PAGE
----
There is more from the Royal Commission grilling of National Australia Bank today, “Hopelessly Conflicted” is one term that I’m hoping will catch on:
The process that saw NAB’s superannuation trustee NULIS advised by the bank’s wealth management arm was hopelessly conflicted, the Hayne royal commission has heard.
Counsel assisting Michael Hodge QC put to former NULIS chairman Nicole Smith that there was an inherent conflict of interest between the trustee, which had the sole duty of acting in the best interests of the super fund members, and the administrator, which was concerned with making profits for the bank.
“It’s hopelessly conflicted isn’t it? How can it advice you as to what’s to be done…when it’s the one that will have to pay the money back?” Mr Hodge said.
There is a thought process in many (many) financial companies around Australia whether it be banks, stock brokers, financial planners or related companies:
This is how we have always made money and so it must be OK.
In other words “It is difficult to get a man to understand something when his salary depends upon his not understanding it”.
The key term to come out of the royal commission is conflicted. Some of the many conflicts in the financial world:
- A company can charge a retail customer for financial advice that advises the customer to invest in the company’s own investment product.
- One part of a company can give investment advice to buy a stock while another part of a company is being paid a fee to raise capital.
- Financial companies can own trustees to manage their own products. i.e. the trustee that is meant to be acting for the investor is wholly owned by the issuer of the investment product.
- There are a host of other conflicts – basically, if a company owns more that one of the following then there is a decent chance of a conflict of interest between the different divisions: financial advice, funds management, responsible entity, superannuation trustee, investor platforms, investment administration, and custody services.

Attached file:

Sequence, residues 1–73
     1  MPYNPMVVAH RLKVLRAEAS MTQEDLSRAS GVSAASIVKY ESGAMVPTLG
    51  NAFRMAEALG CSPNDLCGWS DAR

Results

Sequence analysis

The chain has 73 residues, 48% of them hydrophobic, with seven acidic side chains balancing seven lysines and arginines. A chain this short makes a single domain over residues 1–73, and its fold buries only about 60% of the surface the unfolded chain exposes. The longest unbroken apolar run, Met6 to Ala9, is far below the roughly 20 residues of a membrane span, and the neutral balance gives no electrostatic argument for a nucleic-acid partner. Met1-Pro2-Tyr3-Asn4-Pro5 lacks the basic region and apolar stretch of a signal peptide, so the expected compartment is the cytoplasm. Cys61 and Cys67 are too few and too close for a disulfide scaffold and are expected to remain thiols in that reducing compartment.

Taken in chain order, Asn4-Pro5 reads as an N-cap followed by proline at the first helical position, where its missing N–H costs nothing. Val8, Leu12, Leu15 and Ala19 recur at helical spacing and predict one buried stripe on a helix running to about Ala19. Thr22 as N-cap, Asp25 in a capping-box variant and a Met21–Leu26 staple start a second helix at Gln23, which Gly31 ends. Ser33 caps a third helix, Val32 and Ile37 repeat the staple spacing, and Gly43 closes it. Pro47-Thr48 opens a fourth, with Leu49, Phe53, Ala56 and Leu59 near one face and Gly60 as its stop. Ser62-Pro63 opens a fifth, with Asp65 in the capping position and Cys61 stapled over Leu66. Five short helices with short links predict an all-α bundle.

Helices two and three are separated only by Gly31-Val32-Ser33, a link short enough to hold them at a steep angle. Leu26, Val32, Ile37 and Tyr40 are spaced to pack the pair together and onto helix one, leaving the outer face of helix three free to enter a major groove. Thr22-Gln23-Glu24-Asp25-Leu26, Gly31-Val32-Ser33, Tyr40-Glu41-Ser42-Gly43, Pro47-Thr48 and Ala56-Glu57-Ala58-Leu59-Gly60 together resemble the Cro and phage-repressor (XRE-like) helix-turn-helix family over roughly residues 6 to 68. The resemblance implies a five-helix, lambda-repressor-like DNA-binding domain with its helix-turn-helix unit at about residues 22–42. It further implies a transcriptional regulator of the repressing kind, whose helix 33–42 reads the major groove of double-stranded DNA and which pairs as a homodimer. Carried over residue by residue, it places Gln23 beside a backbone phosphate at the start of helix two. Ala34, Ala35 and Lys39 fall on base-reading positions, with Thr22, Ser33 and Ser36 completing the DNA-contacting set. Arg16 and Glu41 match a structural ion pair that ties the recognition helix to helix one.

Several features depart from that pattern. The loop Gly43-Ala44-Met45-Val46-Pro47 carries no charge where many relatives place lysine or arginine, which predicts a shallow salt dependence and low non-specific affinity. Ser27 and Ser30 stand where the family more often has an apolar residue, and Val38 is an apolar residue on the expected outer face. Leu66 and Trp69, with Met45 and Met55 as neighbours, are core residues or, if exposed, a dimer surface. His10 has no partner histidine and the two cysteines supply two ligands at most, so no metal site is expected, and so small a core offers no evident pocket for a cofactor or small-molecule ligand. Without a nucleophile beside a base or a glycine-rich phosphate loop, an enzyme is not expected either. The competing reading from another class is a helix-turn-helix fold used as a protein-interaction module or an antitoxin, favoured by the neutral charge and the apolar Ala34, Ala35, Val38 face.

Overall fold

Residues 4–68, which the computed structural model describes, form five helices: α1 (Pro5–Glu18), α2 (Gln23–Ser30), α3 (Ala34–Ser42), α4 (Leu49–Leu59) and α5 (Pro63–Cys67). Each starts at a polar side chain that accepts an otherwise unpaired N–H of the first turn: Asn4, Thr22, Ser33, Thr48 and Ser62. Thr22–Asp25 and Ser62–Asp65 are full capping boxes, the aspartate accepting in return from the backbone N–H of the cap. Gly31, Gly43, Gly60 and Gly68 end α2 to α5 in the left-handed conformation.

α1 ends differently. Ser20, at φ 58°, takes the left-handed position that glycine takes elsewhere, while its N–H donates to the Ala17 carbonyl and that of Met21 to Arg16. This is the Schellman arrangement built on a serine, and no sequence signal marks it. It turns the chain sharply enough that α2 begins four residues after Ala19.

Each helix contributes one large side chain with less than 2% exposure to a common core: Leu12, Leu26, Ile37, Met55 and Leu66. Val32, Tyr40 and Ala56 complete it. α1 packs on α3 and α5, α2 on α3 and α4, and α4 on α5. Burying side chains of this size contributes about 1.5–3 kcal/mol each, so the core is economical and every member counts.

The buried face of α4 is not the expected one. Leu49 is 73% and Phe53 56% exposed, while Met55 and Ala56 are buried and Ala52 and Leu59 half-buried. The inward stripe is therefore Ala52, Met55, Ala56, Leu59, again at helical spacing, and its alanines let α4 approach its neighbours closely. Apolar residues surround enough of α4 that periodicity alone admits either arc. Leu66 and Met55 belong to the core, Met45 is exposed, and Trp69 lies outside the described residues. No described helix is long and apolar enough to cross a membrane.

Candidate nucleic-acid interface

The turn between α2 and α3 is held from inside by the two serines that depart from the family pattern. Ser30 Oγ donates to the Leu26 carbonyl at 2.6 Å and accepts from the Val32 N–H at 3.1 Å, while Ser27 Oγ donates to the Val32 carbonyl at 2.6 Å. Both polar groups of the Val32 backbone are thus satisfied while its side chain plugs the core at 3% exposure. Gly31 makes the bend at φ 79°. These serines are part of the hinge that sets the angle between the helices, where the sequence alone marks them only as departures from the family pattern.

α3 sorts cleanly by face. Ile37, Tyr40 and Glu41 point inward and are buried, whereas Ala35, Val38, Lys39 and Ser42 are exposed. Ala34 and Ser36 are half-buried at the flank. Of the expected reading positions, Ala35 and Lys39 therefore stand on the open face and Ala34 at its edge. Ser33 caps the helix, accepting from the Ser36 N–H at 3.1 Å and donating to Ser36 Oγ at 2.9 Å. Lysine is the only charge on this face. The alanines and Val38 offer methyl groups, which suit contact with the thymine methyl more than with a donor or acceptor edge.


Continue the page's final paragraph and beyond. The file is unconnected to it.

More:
Future of Financial Advice (FOFA)
The Future of Financial Advice reforms were intended to address many of the issues that we are seeing played out at the royal commission.
However, in their strictest interpretation the reforms would have destroyed the business models of many companies and so there was delay, more delay, grandfathering, a transition period and then (over time) a watering down so that the rules are roughly in place but in many cases can be skirted.
Basically, rather than a transition period to a new, less conflicted, more educated financial advice industry, the transition period was used to lobby politicians to water down the rules and allow legal structures so that many of the conflicted activities could continue as before.
The way forward
I suspect that the majority of the recommendations to come from the royal commission will not be new.
The answer is separation. In many cases, the conflicts cannot be managed and need to be in separate companies. The banks know this and have already started spinning off various wealth management divisions.
The legal fictions that have been erected to “manage” conflicts will hopefully be torn down. One of the key questions will be how much separation will be mandated, and which types of businesses can’t be jointly owned. For example, can a bank partially own a fund manager or does it need to be completely separate?
I suspect the royal commission will take a hard line, but I also suspect that politics will water this down – the banks are big donors to both political parties.